A Canadian judge has delayed a decision on legal representation for clients of important Canadian cryptocurrency trade QuadrigaCX. Feb. 14.
Justice Michael Wood allegedly stated that he would issue a written decision in the case within a week. In the meantime, the monitor manufactured by the court, Ernst & Young, has shown that at the current stage the exchange owes CA$100,000 ($75,000) to the attorneys, while Quadriga asserts that"at today, we do not have anything"
Maurice Chiasson, a lawyer representing Quadriga, allegedly said the Cotten's spouse Jennifer Robertson"has placed in CA$250,000 of their CA$300,000 she is guaranteed to finance this process so far. But that cash will come to an end in the next two months if not earlier."
Following submission in the competing legal organizations, Wood allegedly said that he's"not positive if you've made my life simpler." Ernst & Young said the first nine months of this procedure has been"hectic," also stressing the requirement of stabilizing present investigations into Quadriga's operations.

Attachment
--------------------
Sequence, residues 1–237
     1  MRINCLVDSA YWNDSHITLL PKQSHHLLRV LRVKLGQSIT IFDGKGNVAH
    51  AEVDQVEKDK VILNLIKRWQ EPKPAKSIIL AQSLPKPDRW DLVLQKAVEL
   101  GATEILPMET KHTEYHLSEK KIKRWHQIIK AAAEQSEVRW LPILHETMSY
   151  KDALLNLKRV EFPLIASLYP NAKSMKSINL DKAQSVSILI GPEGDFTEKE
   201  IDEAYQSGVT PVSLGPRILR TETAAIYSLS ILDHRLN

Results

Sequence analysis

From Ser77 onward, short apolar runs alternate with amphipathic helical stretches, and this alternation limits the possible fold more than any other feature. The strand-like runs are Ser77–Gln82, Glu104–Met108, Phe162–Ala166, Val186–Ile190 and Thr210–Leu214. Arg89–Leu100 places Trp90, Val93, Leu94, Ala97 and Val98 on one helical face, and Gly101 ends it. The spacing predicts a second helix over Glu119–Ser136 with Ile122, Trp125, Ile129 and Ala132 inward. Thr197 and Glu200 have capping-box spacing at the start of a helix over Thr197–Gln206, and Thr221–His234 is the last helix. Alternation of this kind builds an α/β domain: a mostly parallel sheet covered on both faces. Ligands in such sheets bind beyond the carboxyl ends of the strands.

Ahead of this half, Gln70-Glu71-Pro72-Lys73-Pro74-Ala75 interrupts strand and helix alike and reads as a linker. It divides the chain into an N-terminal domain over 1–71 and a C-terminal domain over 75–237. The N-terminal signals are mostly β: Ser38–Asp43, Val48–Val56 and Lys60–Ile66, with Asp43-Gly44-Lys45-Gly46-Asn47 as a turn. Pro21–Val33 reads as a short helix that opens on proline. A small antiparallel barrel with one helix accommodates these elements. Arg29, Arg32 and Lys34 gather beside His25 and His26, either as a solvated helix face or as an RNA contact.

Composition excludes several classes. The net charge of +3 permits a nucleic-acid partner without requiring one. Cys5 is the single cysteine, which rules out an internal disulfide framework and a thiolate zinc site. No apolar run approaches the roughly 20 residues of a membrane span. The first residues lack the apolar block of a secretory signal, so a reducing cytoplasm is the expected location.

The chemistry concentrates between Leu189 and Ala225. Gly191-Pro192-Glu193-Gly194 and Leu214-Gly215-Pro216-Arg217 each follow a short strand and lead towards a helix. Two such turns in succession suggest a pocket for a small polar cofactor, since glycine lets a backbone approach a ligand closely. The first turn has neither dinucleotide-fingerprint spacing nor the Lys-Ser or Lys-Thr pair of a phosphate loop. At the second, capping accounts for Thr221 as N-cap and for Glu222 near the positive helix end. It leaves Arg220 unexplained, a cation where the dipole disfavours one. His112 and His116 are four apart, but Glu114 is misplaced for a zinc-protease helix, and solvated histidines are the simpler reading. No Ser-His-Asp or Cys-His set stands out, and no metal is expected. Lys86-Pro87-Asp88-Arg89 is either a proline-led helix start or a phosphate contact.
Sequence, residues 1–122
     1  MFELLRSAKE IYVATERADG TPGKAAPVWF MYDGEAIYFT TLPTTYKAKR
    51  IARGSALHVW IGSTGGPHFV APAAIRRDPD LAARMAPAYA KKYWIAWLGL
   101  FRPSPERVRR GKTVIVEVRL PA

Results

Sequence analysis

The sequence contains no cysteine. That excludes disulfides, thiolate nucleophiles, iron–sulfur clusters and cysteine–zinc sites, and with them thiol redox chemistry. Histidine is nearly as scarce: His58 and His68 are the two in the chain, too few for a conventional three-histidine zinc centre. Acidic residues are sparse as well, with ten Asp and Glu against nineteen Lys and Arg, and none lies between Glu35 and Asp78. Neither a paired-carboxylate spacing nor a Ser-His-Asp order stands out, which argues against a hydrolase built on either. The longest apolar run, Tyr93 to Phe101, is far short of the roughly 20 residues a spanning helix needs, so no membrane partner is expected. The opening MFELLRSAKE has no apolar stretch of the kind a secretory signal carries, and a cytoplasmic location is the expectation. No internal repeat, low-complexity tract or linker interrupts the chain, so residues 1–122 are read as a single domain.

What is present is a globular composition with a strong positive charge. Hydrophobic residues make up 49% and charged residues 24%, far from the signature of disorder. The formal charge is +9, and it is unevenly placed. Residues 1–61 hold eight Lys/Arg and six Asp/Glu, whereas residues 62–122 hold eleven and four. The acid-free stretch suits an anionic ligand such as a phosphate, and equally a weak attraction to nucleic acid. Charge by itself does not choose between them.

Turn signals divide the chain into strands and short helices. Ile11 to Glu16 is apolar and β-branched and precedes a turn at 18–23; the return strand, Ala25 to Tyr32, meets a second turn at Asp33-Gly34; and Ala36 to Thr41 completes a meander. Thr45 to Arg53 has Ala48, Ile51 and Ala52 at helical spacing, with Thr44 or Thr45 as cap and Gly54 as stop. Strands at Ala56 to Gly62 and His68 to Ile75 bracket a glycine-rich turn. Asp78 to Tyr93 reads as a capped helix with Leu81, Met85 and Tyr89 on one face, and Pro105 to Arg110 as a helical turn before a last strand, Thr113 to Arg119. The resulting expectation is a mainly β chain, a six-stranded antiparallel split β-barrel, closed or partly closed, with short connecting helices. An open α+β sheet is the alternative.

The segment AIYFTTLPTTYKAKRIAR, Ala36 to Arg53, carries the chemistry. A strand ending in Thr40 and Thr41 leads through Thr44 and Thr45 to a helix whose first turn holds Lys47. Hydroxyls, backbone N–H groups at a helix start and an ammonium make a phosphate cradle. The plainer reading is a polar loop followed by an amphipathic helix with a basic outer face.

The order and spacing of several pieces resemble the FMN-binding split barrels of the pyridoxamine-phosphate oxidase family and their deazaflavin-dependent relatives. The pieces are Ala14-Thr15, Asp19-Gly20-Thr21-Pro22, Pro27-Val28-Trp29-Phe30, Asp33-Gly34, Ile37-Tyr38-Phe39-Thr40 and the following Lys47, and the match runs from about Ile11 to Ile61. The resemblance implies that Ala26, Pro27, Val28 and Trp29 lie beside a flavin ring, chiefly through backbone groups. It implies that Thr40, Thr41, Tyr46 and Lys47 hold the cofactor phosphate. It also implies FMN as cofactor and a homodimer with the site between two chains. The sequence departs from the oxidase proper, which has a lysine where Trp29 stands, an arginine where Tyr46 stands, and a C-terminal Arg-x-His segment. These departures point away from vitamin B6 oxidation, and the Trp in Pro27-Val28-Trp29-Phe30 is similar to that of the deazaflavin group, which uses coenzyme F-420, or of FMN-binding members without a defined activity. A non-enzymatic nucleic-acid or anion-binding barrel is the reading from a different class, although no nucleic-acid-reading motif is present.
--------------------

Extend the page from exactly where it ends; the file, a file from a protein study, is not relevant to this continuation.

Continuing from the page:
On Feb. 13, Cointelegraph reported in a recently released Ernst & Young's report called"First Report of the Monitor," that the'Big Four' audit company revealed that:
"On February 6, 2019, Quadriga inadvertently transferred 103 Bitcoins valued at roughly $468,675 into Quadriga cold pockets which the provider is presently unable to access. The Monitor is working together with Direction to retrieve this cryptocurrency from the various cold wallets, if possible."
At the course of this analysis, Ernst & Young procured lots of Quadriga electronics -- allegedly owned or utilized by Cotten -- including four notebooks, four cell phones, and also three completely encrypted USB keys. Ernst & Young has allegedly stored the devices in a safety deposit box.